I was going through some of my photos on my phone and came across a video I made on the day that my husband came home after 10 1/2 years in prison. I was thinking of posting it publicly but decided against it simply because I don’t like the way I sound or look on it. I know. Silly. But I can’t get past how crooked my teeth are or how my nose flares as I’m trying not to cry my ever-lovin’ eyes out. But I had to make that video because this occasion was momentous.
For someone who has never had any kind of an intimate experience with prison, it’s hard to fathom what it’s like. To those who are going through having a loved one in prison, I want to convey a message of encouragement and hope.
Standing by my man
It’s easy to pass judgment and difficult to understand why someone, anyone, would stand by a ‘criminal’. I used to be one of those people. Then it happened to me and I knew that the only road for me was to stand by my man.
And I don’t regret it one single bit.
He was worth every minute, every day that I ached and longed for him to be home. Not everyone can say that, unfortunately.
Prison is horrendous
Prison, the whole process, isn’t set up for any kind of redemption. It’s a money-making industry hell-bent on shaming people and keeping them bound for the rest of their lives. It is intended to dehumanize and demoralize the people inside the walls as well as their loved ones. It annihilates families and beats a person down till they are a husk of a being.
Many people, especially those who have long sentences, land in a world that has changed drastically and walk out with nowhere to go. Almost 80% (with some estimates as high as 95%) of marriages where the men are incarcerated fail. For women, it’s 100%. And the kids involved often times live with the heaviness of shame hanging over them because they don’t know how to explain why their parent is in prison without the backlash of that fact impacting them in many negative ways. It leaves scars that stay hidden for most people.
I was determined to be different
Somewhere along the way of our hell, I decided that I refused for that to be the case for me and mine. Hence the video. I needed to have a record of the fact that we made it. We endured and our family was intact on the other side. Our marriage survived. Heck, it began to thrive, through it all.
Not many people will be able to say this and really mean it, but prison, though hard and seemingly impossible to endure, helped us. It forced my husband and I to talk, really talk, and forced the doors open to intimacy. And we did it with 30 minute phone calls or even months of just snail mail letters because of money issues.
Prison opened the door to healing
Him being gone, the whole situation surrounding him being in prison, made a way for me to start healing not just from what happened to send him there, but from all of the hurt I’d had before that night. All the neglect and abuse, dysfunction, and illusions of my inherent lack in all aspects of what made me me began to be dealt with. It opened the door for God to move in my heart in ways that He probably would’ve done without my husband going to prison, but it helped me get to the point where I was more pliable for Him, if that makes sense.
I am super duper strong-willed (at least that’s what I’ve been told), so being stiffed-necked is an easy thing for me. I am also a very big justice person where right is right and wrong is wrong. While I can see the ways a person can come to the wrong conclusion, and usually understand it, I still feel the unction to call it out.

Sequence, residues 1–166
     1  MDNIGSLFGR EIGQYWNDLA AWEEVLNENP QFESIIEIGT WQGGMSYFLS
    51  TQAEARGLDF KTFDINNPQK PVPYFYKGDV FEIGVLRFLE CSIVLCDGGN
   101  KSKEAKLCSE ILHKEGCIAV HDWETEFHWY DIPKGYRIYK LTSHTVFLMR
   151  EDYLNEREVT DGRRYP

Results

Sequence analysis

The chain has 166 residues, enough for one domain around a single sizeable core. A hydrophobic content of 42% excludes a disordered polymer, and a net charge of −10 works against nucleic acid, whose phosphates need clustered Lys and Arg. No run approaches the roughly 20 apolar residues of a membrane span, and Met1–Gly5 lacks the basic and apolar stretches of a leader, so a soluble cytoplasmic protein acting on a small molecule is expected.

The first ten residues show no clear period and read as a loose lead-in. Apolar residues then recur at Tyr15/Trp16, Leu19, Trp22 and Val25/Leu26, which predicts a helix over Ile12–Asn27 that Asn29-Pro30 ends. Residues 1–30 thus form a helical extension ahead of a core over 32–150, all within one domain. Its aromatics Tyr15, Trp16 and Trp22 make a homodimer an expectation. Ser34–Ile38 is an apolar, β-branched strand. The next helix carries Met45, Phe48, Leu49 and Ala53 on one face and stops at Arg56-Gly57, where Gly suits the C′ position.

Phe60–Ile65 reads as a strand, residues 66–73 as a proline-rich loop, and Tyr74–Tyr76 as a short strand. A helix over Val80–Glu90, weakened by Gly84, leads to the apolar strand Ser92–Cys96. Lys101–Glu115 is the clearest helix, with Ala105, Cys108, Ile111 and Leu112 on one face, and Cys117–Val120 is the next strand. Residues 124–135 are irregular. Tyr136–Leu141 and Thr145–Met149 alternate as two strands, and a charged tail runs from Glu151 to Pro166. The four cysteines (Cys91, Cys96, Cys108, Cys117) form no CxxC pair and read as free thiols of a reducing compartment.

My point is, though, that without going through what I went through, what my husband and children went through, it might have very well taken me a lot longer to realize that healing was available and a possibility. And healing is an on-going process. I often joke with my oldest that healing is like an onion (to steal the analogy from Shrek)- it has lots of layers and makes you cry. A lot. And that’s okay. It really is.
The aftermath of prison
Our life today, almost two years after he came home, is…..good. Not perfect, but it’s good. I never thought we’d be here. Besides, perfect is so overrated. To me, good is great. And when things get to be great, it’ll be awesome. And things are great a lot. Really. They are.
Reuniting is a process for every person in our little family of four. My husband is still figuring out what it means to be a dad to our boys and our boys are figuring out what it means to be his sons and how to have a dad that actually lives with them.
Our oldest is holding off on moving out even though he’s 19 so that he can re-establish his relationship with his dad. And we’re totally fine with that. My husband and I each try to find moments to spend individually with the boys and I check in frequently with them to see where they are and how they are.
Prison taught us important lessons
I will admit that I have become lax in some of the habits that we had established. It had been just me and the boys for so long that we had our way of doing things with just the three of us, so I let up on some of it to help my husband feel more at ease. I wanted to help him not feel like an outsider.
Fortunately for me, my husband is patient and understanding. For instance, yesterday was Valentine’s day. You know what he gave me? An argument. Seriously. Like I know that some people would totally balk at that, but for me, it was a true gift of love. There is something in me that needs a fight sometimes. I just need to be able to vent off all of the righteous frustration I feel. And he gave me that out. Then he made me laugh really hard and took me to lunch.
He gets me. Or as Robert Duvall’s character says in Phenomenon “He bought my chairs”. He really is my George. And I am so very crazy about him. He’s my person, my forever, my home. I belong with him and always will. Prison taught me that.